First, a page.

Last night I dreamed that I had to write an essay for a college class I couldn’t remember going to at all, but apparently I had done a rough draft of this essay that the professor said I needed to make significant improvements on, and I thought, “Okay, I can do that,” but when I went to write it again, I couldn’t make my hands form letters. Yes, I was writing it out longhand. Because I didn’t have a computer or anything. I thought to myself, “This would be so much easier with a keyboard,” but I had to write it longhand, and my hand kept seizing up and I couldn’t write whole words before the muscles in my hand would just start cramping and I couldn’t get a whole word down on paper before I had to stop and take a rest.

You don’t think this dream was symbolic of anything, do you? Because I’m pretty sure it was just random.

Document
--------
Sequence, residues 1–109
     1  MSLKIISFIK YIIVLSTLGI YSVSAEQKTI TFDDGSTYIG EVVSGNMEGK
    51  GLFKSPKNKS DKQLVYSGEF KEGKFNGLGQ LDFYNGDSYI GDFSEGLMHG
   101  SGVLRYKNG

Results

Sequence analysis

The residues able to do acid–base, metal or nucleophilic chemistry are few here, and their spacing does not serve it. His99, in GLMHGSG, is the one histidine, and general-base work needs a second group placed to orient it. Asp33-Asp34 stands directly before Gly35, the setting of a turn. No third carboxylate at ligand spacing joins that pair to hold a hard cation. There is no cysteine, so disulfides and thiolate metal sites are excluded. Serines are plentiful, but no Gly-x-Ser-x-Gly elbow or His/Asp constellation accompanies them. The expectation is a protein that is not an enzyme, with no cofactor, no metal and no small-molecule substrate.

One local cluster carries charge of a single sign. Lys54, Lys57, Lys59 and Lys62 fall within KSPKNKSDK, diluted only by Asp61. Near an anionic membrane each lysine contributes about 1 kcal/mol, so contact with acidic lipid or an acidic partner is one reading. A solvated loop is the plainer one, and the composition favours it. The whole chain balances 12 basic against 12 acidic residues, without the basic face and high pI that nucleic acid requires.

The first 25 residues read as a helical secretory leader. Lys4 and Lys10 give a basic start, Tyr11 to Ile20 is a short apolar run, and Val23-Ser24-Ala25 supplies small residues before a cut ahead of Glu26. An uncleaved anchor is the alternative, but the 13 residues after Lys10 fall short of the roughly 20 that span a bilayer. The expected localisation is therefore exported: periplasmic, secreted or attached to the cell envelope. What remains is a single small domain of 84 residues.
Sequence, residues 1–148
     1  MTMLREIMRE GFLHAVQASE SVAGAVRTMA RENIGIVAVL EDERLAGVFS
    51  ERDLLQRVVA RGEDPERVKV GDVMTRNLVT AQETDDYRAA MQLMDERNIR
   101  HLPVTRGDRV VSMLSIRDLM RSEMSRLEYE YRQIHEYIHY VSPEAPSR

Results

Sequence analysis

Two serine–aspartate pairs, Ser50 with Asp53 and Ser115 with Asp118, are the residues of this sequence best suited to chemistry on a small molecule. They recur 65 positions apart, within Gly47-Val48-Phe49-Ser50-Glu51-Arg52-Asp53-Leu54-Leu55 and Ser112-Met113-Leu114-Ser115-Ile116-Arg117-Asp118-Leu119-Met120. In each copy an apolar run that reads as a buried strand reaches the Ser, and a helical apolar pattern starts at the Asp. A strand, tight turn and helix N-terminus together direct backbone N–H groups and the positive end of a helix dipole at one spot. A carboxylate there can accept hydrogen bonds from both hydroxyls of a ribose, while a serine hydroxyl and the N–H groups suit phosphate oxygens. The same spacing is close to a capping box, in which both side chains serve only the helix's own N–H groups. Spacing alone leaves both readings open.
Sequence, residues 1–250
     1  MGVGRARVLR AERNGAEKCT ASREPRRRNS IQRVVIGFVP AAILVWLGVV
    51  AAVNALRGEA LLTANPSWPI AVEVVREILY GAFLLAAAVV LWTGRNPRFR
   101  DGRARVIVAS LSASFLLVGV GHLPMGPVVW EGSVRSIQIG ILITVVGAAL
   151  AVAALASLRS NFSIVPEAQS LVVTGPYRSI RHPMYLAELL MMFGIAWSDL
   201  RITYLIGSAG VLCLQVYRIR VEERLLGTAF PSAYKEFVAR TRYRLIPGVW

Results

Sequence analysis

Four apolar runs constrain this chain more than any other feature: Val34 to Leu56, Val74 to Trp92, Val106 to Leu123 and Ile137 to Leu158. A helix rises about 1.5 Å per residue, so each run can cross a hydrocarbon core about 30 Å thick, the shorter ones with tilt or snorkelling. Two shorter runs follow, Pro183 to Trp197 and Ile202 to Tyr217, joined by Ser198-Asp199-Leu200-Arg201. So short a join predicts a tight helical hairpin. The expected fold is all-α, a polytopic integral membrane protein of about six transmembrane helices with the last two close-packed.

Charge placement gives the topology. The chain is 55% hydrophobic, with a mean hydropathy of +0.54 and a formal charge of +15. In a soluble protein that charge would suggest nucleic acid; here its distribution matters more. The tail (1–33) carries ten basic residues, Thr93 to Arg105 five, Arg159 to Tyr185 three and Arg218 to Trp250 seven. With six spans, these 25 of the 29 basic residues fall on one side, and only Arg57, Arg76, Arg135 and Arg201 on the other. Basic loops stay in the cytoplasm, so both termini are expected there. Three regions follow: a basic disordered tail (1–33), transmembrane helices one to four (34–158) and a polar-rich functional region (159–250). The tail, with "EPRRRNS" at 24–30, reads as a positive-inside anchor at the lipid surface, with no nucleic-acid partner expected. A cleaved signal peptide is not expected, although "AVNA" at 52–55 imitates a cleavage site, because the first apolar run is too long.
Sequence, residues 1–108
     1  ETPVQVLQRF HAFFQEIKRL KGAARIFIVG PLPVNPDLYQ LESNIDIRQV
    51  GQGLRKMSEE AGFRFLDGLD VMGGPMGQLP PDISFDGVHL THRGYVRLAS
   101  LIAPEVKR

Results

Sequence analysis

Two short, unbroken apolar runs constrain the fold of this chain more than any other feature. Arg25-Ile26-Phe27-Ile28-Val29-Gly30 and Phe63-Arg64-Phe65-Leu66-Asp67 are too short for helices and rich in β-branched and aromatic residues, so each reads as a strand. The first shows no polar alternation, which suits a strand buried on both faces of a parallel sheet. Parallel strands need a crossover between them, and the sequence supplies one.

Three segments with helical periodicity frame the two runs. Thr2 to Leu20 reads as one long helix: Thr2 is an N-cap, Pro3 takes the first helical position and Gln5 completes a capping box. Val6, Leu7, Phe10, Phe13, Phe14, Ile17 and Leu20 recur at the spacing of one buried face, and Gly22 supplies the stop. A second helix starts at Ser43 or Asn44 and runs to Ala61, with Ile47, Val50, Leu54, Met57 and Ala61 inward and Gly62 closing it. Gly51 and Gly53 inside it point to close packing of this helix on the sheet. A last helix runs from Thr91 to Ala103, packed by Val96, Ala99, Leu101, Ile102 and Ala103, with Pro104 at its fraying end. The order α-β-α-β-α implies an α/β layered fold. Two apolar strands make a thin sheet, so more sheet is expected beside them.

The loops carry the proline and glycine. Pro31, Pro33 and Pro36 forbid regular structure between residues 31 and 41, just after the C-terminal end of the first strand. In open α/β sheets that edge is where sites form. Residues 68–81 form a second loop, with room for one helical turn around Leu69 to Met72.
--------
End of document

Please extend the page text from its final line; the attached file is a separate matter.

I did wake up extremely frustrated and tired. It was almost as bad as the time I dreamed I was moving and I spent hours and hours packing up a room full of toys and art supplies and other crap–just tons and tons and tons of crap, sorting it and boxing it up so I could put it on the truck–and I woke up with very mixed feelings. On the one hand, I was very glad that I was not actually moving and under any obligation to sort and box up my crap. On the other hand, I’d gotten a lot of work done in that dream, and now it was all for nothing. I felt robbed, actually.

There are only nine days of school left. More like eight, since this school day is almost over. Then it will be summer vacation for twelve weeks.

Here’s what I like about summer vacation:

* Sleeping in.

Here’s what I don’t like about summer vacation.

* Everything else.

More specifically:

* Kids home all day, requiring entertainment, refereeing, or a (figurative) whip to spur them to do the chores their father expects them to get done while he’s at work.